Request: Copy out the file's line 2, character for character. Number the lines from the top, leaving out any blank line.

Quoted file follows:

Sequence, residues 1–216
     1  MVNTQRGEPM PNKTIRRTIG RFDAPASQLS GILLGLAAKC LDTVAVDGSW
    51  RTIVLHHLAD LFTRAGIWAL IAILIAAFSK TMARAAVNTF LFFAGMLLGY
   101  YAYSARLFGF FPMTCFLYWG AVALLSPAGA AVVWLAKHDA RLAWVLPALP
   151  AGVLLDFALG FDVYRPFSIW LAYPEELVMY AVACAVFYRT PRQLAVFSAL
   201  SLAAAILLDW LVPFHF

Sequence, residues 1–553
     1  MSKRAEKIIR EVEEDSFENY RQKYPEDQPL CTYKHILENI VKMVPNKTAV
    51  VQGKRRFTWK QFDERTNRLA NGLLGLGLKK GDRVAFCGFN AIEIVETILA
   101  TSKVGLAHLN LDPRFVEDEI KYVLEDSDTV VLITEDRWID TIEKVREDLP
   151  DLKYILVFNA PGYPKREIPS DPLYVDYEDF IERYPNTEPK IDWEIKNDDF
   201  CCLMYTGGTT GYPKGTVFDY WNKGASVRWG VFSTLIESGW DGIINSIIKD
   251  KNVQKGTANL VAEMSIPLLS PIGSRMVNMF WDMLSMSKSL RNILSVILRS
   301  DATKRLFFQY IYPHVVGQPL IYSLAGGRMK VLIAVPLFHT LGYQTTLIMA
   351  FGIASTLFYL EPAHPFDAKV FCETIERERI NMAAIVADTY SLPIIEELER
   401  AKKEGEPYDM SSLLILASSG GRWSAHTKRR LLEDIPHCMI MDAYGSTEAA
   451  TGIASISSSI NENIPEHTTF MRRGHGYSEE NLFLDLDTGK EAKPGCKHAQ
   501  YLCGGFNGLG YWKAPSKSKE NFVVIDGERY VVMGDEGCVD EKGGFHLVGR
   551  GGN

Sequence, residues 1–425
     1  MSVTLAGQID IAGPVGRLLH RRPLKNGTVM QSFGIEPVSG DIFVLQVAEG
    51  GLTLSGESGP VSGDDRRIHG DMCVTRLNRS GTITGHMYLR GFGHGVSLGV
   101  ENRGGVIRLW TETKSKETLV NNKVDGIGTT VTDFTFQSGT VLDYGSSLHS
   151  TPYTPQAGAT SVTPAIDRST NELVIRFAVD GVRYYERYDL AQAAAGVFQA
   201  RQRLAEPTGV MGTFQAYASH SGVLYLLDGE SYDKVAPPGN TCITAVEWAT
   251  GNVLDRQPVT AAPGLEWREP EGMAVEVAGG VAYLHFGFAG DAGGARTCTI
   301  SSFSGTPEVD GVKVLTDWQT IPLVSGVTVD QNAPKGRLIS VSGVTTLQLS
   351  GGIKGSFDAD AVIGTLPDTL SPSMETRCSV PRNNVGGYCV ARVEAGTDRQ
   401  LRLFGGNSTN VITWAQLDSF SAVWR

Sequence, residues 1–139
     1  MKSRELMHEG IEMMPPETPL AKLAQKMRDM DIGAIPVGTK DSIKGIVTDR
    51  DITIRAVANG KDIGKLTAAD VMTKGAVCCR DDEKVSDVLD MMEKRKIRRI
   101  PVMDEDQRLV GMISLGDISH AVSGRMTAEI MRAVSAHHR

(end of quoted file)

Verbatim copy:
     1  MVNTQRGEPM PNKTIRRTIG RFDAPASQLS GILLGLAAKC LDTVAVDGSW